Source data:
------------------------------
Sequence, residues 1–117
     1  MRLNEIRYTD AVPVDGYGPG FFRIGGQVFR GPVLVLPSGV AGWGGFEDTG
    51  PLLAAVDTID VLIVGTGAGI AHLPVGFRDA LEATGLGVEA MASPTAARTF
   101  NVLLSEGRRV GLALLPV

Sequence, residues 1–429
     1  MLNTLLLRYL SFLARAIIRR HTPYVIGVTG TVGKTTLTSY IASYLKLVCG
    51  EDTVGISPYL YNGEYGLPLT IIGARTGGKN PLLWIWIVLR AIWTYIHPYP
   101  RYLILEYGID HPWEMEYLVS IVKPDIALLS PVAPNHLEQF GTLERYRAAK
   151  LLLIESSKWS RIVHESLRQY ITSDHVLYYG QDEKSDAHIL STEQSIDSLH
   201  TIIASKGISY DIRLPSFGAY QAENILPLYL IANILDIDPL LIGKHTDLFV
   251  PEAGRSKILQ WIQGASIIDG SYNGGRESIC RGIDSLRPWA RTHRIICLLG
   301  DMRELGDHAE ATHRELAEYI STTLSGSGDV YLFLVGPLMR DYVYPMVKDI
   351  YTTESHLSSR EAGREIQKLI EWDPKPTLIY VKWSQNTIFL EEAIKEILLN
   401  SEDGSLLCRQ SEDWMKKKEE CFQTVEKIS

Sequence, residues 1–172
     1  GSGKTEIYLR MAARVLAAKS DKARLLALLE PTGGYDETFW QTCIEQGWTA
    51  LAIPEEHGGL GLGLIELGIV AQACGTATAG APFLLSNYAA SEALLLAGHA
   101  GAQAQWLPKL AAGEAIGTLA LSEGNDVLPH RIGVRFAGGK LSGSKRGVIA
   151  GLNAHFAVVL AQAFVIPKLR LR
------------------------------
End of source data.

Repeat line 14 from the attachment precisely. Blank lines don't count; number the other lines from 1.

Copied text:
   401  SEDGSLLCRQ SEDWMKKKEE CFQTVEKIS